Dogs dragging bottoms along the ground and sniffing other dogs’ behinds may seem peculiar traits to pet parents (although our dogs might think the same about some of our characteristics), but these strange habits are often related to dogs’ anal glands.
Although not the most appealing topic, dog anal glands and impacted anal glands are one of the most common concerns for dog parents.
But what exactly are your dog’s anal glands and does their diet have an impact on blockages? This article is here to help guide pet parents through common issues and concerns about blocked anal glands and diet advice for prevention.
What are my dog’s anal glands?
Your dog’s anal glands are two tiny sacs located on either side of the anus. Normally, a dog will express their glands naturally when they poop or in some cases, they will involuntarily express their glands when they are stressed or scared.
Expressing their own anal glands allows a dog to leave their (usually stinky) scent behind to claim their territory — often near their home to make sure neighboring dogs know their place. It’s why your dog sniffs another butt when out and about — they gather information about the other dog’s hormonal status and health. It’s actually pretty cool.
How do I know if my dog has blocked anal glands?
A healthy dog can go a lifetime without any major issues and they will continue to naturally express their glands without assistance.
When anal glands do not get naturally expressed, they can become swollen and blocked which can then cause infections or abscesses due to the build-up of material. This is called anal succulitis or anal gland impaction.
In this case, your dog could require their anal glands to be manually expressed. You can usually tell if they are blocked by the following symptoms:
- Frequently turning to lick or bite their bottom
- Straining to poop
- Showing discomfort when pooping
- Not wanting to sit
- Anal discharge
What should I do if my dog has blocked anal glands?
If these symptoms persist, it’s best to visit the vet as soon as possible because blockages can lead to gland infections and abscesses. Your dog may then need manual expression every few weeks to ensure it doesn’t consistently happen.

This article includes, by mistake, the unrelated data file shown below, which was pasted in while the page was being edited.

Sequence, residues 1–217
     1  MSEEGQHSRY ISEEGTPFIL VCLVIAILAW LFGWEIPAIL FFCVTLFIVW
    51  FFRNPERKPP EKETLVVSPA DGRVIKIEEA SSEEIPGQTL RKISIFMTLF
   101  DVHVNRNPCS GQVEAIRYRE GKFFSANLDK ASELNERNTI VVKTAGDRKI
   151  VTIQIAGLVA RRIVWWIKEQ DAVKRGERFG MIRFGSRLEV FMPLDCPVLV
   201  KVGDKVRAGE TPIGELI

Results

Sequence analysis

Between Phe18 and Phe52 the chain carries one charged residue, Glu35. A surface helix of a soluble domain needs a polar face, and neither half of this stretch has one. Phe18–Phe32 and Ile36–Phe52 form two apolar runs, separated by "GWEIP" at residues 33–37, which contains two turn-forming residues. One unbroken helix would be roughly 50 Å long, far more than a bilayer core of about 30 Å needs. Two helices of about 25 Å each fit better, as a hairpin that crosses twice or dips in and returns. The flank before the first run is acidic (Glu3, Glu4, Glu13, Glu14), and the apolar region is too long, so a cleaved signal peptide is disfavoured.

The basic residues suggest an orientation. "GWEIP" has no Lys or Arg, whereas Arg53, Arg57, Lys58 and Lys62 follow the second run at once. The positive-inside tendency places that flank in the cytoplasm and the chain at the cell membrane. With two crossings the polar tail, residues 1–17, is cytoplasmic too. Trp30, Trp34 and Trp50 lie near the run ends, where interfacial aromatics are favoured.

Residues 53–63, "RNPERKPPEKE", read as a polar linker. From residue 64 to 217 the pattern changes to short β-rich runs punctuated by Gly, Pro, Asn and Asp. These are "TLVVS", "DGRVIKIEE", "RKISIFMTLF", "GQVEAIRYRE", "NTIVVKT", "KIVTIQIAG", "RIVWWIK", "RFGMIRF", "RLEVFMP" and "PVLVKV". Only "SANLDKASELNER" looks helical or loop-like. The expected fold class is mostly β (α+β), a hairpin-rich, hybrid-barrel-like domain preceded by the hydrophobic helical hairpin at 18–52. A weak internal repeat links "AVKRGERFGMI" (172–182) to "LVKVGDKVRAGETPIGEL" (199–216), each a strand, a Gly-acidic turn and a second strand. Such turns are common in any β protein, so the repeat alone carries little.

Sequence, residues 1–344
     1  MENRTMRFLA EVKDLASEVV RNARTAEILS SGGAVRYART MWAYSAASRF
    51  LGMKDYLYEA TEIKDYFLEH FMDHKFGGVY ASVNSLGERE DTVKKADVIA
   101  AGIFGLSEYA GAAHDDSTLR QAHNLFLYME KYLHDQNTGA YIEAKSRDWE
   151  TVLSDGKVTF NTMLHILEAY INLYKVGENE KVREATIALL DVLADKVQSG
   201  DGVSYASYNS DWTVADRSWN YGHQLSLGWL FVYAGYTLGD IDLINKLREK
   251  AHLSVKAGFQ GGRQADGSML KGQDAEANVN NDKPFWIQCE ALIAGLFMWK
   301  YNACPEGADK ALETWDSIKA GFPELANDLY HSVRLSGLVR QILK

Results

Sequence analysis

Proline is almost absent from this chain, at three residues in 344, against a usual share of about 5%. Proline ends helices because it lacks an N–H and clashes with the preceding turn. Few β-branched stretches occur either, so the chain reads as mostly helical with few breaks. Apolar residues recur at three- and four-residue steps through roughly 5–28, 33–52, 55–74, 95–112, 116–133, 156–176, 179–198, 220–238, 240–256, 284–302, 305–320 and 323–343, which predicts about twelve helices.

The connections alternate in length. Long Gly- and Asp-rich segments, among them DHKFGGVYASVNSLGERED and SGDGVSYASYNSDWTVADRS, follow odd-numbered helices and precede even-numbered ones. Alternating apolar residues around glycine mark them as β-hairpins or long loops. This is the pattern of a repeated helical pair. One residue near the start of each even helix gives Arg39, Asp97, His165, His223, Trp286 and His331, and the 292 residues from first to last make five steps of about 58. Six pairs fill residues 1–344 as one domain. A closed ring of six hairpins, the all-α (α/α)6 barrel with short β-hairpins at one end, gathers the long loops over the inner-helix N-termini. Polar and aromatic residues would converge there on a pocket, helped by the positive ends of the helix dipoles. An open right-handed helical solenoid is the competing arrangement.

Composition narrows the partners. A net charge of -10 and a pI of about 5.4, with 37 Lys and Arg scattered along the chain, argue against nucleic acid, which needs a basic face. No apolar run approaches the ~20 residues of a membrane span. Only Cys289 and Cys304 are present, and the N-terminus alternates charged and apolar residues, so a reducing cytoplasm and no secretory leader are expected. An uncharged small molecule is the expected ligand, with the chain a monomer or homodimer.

Why do dogs get impacted anal glands?
There can be many underlying reasons why your dog’s anal glands become impacted and here are some common causes:
Blocked anal glands can stem from a combination of reasons and it’s important to get to the bottom of the cause to avoid the issue happening in the future.
Can diet cause anal gland problems?
“Anal gland problems can be indirectly caused by diet. For instance, weight and digestive health are contributing factors for anal gland issues,” says Laura Ward, DFA’s nutritionist.
“Overweight dogs are more likely to suffer from anal gland problems due to fat deposits and weaker muscles around their bottom. Keeping your dog slim, and at a healthy weight, helps to avoid anal gland problems.”
While the diet itself doesn’t directly cause anal gland issues, dogs prone to diarrhea or constipation may face challenges with proper anal gland emptying. In such cases, there’s reduced pressure on the anal sacs for natural expression.
If your dog’s current diet isn’t ideal for their digestion, making adjustments such as opting for a more suitable diet or incorporating higher fiber levels can help prevent anal gland problems.
Increasing the fiber your pet consumes causes the stools to be larger, allowing for more pressure on the anal glands to ensure that they can be expressed naturally.
Normally, a well-balanced dog food will contain a high fiber content, but you can opt for a particularly high-fiber food if you feel your dog requires a little more.
Because fiber is only found in the wall of a cell (and since animal cells don’t have cell walls) fiber can only come from vegetables and grains, not from meat.
The fiber increase may have the added benefit of reducing the weight of dogs who are obese, helping them to feel full faster and for a longer period.
Omega 3 fatty acids are anti-inflammatory and can help relieve the pain and swelling associated with inflamed anal sacs.
Fish oils that are rich in omega 3’s, can help lubricate the stool and protect the sensitive structures inside the rectum from damage from hard stools and may help prevent constipation.
If you feel your dog’s food isn’t providing enough, you could add a veterinary fish oil supplement or choose a high-fiber diet that contains a fish oil source. It’s best to discuss with your vet on added supplements just to ensure it’s safe to take with their regular diet.
A diet that’s rich in powerful anti-inflammatory ingredients like omega essential fatty acids, ginger, spirulina, and turmeric can alleviate the swelling and prevent inflammation from occurring in the first place.
You may consider adding a supplement if you feel necessary, but again, your vet will be happy to discuss options and advise on the best one for your particular dog.
Dehydration affects the efficiency of a dog’s digestive system and can often lead to constipation. If your dog suffers from anal gland problems, straining to pass a hard poo can make matters worse.
Give your dog access to plenty of fresh water to keep them hydrated or encourage them to drink more by using a water fountain.
There are of course many reasons for issues with anal glands. It’s important to keep your dog at a healthy weight by regular exercise and a well-balanced diet to minimize the chances of blocked anal glands.
Although anal gland issues can be improved with diet, it is not the sole cause and if your pet continues to have severe impactions, infections, and abscesses, it may be necessary to discuss surgical options with your vet.